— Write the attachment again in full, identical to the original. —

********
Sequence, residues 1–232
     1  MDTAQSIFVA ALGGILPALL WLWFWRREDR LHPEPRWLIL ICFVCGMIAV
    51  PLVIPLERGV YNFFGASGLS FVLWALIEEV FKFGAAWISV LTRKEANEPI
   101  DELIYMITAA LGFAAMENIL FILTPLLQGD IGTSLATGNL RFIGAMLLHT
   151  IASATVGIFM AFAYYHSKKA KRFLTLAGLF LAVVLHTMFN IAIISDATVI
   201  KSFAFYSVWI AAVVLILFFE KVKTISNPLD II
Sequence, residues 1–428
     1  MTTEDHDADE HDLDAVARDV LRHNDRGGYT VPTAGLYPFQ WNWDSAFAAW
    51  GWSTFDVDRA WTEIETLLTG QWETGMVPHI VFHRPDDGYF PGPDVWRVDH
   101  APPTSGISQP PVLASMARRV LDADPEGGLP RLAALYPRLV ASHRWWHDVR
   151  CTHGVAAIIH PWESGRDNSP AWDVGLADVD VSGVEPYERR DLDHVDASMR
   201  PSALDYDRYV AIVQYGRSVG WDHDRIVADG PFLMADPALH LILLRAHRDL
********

Sequence, residues 1–232
     1  MDTAQSIFVA ALGGILPALL WLWFWRREDR LHPEPRWLIL ICFVCGMIAV
    51  PLVIPLERGV YNFFGASGLS FVLWALIEEV FKFGAAWISV LTRKEANEPI
   101  DELIYMITAA LGFAAMENIL FILTPLLQGD IGTSLATGNL RFIGAMLLHT
   151  IASATVGIFM AFAYYHSKKA KRFLTLAGLF LAVVLHTMFN IAIISDATVI
   201  KSFAFYSVWI AAVVLILFFE KVKTISNPLD II
Sequence, residues 1–428
     1  MTTEDHDADE HDLDAVARDV LRHNDRGGYT VPTAGLYPFQ WNWDSAFAAW
    51  GWSTFDVDRA WTEIETLLTG QWETGMVPHI VFHRPDDGYF PGPDVWRVDH
   101  APPTSGISQP PVLASMARRV LDADPEGGLP RLAALYPRLV ASHRWWHDVR
   151  CTHGVAAIIH PWESGRDNSP AWDVGLADVD VSGVEPYERR DLDHVDASMR
   201  PSALDYDRYV AIVQYGRSVG WDHDRIVADG PFLMADPALH LILLRAHRDL